tNewsr

Understanding Austin

28 February 2019

For 13 years Tracey knew her son Austin had a rare disorder but she didn't have a diagnosis for him, until the genetics team at Sydney Children's Hospital, Randwick had a breakthrough. This Rare Disease Day, read their story and find out what a difference a diagnosis can make... 

"We didn’t know what each day would bring. And we didn’t know if this rare disease ran in the family and would impact family members ready to have children. It was like being lost.

Still we did what we could, taking one step at a time.

Until early July 2017 when we received one of the most exciting calls from our genetics team at Sydney Children’s Hospital, Randwick saying the results of our son’s latest tests were in.

Finally, they had an answer for our son’s developmental delay. We had been through countless tests over a period of 13 years, always searching for answers. 

When we met with the team I was nervous of what the future may now hold for our son Austin. At the same time my husband and I were mostly excited to hear what the team had to share with us. On so many other occasions the answer was always, 'We still don’t know and maybe in a few more years we may have an answer.'  

The latest test, exome sequencing, is a technique used to sequence all of the protein-coding genes in a genome. It revealed that Austin had a mutation on chromosome 21 that was linked to a condition, known as DYRK1A Syndrome. Austin was one of only two children in Australia identified with DYRK1A Syndrome, and one of fewer than 150 people worldwide.

The diagnosis for us was immediately empowering. We started to learn more about DYRK1A Syndrome and were also able to connect quickly with the global community via Facebook. For the first time we could connect with other families living with this rare disease, and just seeing the facial similarities in these kids was amazing.  

It’s like a piece of the puzzle slipped into place.

The question now was with a diagnosis would anything change? What should we expect? Was there a treatment? Upon diagnosis we listened and read about the common features of DYRK1A Syndrome, including intellectual disability, Autism Spectrum Disorder, microcephaly (small head), anxiety, febrile convulsions, epilepsy, prominent ears, deeply set eyes, speech delay and feeding difficulties. It was like having a ticked box for many things Austin had experienced but we had never had an answer as to why.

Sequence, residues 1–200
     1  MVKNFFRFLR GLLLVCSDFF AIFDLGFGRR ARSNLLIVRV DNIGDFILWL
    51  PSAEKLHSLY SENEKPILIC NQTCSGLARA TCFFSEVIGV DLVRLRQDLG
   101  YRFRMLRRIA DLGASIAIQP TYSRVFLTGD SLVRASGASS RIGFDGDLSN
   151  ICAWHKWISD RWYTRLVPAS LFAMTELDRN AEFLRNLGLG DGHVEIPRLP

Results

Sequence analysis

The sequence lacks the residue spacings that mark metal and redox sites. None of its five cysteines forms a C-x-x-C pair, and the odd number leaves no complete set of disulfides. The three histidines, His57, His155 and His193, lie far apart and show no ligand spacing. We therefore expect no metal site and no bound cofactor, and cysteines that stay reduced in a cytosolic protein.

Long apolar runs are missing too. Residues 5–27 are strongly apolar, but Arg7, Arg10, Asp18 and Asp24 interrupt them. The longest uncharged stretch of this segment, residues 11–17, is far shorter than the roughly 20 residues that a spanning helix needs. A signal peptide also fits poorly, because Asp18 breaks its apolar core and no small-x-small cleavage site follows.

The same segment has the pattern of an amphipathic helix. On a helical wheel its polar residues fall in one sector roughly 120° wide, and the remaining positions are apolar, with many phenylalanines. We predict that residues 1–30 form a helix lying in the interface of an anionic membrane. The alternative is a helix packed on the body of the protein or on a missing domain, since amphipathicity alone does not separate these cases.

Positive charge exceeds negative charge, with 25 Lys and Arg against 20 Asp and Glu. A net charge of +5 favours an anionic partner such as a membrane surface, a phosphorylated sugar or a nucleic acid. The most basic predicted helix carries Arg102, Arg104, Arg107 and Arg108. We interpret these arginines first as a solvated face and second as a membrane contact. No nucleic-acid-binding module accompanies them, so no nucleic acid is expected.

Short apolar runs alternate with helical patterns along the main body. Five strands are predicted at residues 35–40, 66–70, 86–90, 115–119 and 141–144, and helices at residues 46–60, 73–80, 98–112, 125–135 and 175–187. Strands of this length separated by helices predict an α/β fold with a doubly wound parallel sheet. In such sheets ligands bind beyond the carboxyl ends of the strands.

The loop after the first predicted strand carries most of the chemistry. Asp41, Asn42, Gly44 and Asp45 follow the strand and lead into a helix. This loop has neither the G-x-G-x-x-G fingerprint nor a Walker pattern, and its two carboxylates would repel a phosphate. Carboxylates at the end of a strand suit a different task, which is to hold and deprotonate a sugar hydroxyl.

While currently there is no specific treatment, with a diagnosis comes better understanding. A group of identified patients helps the medical and scientific community understand the disease better.

With diagnosis also comes less isolation. Via the DYRK1A family & friends Facebook page we quickly became a part of a global community that helped us feel part of a group and part of a solution.

Having better access to timely diagnosis, will come earlier access to treatments, helping families like mine live a more fulfilled life.

We hope by sharing our story others may be encouraged to keep searching for a diagnosis, as we now understand how empowering this can be. We take comfort in the fact that the scientific community will continue its quest to search for greater understanding and potentially treatments for rare diseases, like Austin’s.

Ultimately what I want for my child is what others want for their children; for Austin to be loved and supported, to be capable of loving, to be a contributing member of society and to be happy." Tracey, Austin's proud mum. 

Exome sequencing at Sydney Children’s Hospital, Randwick has been funded with the help of our supporters. Find out how you can help kids like Austin.

 

    The Sydney Children's Hospitals Foundation raises funds for Sydney Children's Hospital, Randwick , The Children's Hospital at Westmead, Bear Cottage, the Newborn and Paediatric Emergency Transport Service (NETS NSW) and Kids Research